Autodesk University 2016, Part 1: Tomorrow's Design Reality Is Already Here

7 Dec, 2016 By: Nancy Spurling Johnson

Event Report: At its annual user conference, the company details how “futuristic” technologies such as machine learning, generative design, and virtual reality are becoming integral to the CAD workflow.

Computers are beginning to understand the needs of people, Kowalski continued, citing work on a new Autodesk office in the MaRS Innovation District of Toronto, Ontario. “We’re using generative design to reimagine what an office space could be.” Designers surveyed employees regarding their work habits, location preferences, and so forth, then fed that information to the computer, which automated the process of exploring thousands of configurations and discovering ones that managed trade-offs and scored best. The result: “We’re able to create the best experience possible” for workers.

Generative design is already integrated in the Autodesk Fusion 360 cloud-based CAD/CAE/CAM platform and in Autodesk Netfabb 2017, an additive manufacturing solution that integrates design enhancement, manufacturing preparation, and build simulation. The new Dreamcatcher will generate and evaluate solution sets with complexity well beyond that of generative design tools of the past, according to the company, based on computationally intense optimization and analysis engines, including multiphysics simulation. “We want to be rolling out Dreamcatcher as a commercial product in early 2017,” Kowalski told journalists in a later breakout session.

With generative design, Kowalski summed up, “We don’t tell it what to do, we tell the computer what we need.” Many people use generative design to broaden their perspective, to see options for consideration — not necessarily to determine the answer. For users who, say, like the direction that the software is taking a design, “we’re looking at how to let them into the generative design process to nudge the computer in the directions that the user likes and wants to explore.”

Virtual reality (VR). VR, which allows users to digitally immerse themselves in a 3D realm, is much more than the playful, video game–esque tool depicted in consumer advertisements these days. Professional designers are tapping VR power to take their work to a whole new level, benefiting themselves and their clients. In VR, you can virtually immerse yourself in a building, assess the finer points of a vehicle body, or observe the interworkings of industrial machinery — all at full scale, and all while the design still resides in the digital realm.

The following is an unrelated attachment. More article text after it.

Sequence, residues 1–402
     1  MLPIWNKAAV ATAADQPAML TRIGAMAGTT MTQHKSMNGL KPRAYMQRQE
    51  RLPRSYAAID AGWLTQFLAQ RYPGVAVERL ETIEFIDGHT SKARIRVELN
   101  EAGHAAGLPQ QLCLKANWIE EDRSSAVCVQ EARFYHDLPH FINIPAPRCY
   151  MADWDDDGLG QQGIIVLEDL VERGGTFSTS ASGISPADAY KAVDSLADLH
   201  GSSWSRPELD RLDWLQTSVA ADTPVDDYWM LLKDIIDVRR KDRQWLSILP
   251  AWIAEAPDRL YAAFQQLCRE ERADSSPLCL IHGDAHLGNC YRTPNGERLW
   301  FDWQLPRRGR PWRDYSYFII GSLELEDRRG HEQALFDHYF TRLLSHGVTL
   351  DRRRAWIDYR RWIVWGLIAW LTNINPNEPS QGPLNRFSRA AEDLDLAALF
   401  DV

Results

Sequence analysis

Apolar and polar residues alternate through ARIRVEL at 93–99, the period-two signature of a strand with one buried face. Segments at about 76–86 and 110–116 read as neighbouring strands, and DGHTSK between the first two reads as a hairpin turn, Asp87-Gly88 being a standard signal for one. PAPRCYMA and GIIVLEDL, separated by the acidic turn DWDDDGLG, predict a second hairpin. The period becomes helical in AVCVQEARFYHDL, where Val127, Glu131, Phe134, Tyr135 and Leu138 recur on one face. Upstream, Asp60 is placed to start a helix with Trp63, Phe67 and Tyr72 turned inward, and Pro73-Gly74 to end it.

Much of this is possible now; for example, Autodesk Revit supports VR for life-size virtualization of buildings. But the company is already looking toward the next stage: interacting with your work while you design. “That’s going to be a radically different experience,” Kowalski said. “When you’re in VR, you’re more connected to your data. You can see your data at human scale. ... VR goes beyond visualization into the emotional realm. It’s about exploring and feeling and seeing, building a richer connection between you, your work, and your customer.”

Robotics systems. “As generative design gives us new forms,” Kowalski continued, “we need new forms to make things real.” He was discussing robotics, programmable systems for sculpting, machining, and finishing complex designs in wood and stone, foam and resin, and other materials that are otherwise difficult or impossible to manufacture.

“These technologies are not a threat; they’re more like superpowers,” Kowalski said. “The real threat is when your competition adopts them before you!”

Workforce Trends

Some of the trends affecting the future of design have less to do with tools and more to do with the people who use them, according to Autodesk. Technological change is ever present, and the rate of change is continually accelerating. A skill that was in demand yesterday might be obsolete tomorrow, replaced by something new.

“Today, the increased speed of change is pressuring us to learn more quickly,” Kowalski observed. “If your education stops when you get that one monolithic degree, you’re doomed. You must keep learning.”

Today’s project-oriented workflows are propagating nontraditional workforces. For example, contingent workers — that is, individuals hired as freelancers or contractors only for the duration of a project — are increasingly common additions to permanent staffing. Some companies are embracing the concept of employees who form teams quickly to solve a given problem, disperse, then join new groups to do something else, rather than operate strictly within a defined organizational structure. Millennials entering the workforce, in fact, are expressing a preference to work in teams.

Software needs to be intuitive and collaborative to support these trends, Kowalski said. “Talent used to be about stability. Now it’s about mobility. All of this mobility means you now have access to vast pools of talent. ... Just as you should be embracing new technology, you should be welcoming new talent.”

Making Change

CEO Bass ended the keynote with his own words of wisdom about the disruptive changes affecting designers and engineers.

“Most of us want to run away from disruption,” he said. “But I would say we need to run toward it. It will be what makes your company great in the future. The willingness to embrace a new way to think and do your work — that’s what it's going to take to succeed in a future that’s all about change.”

Autodesk University 2017 is scheduled for November 14-16, 2017, at The Venetian Las Vegas.

Editor’s Note: Click here to read Part 2 of this event report, "What's New for AEC, Manufacturing Tools."

Editor's Note: The one-hour Autodesk University 2016 opening keynote presentation is available to view online.

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About the Author: Nancy Spurling Johnson

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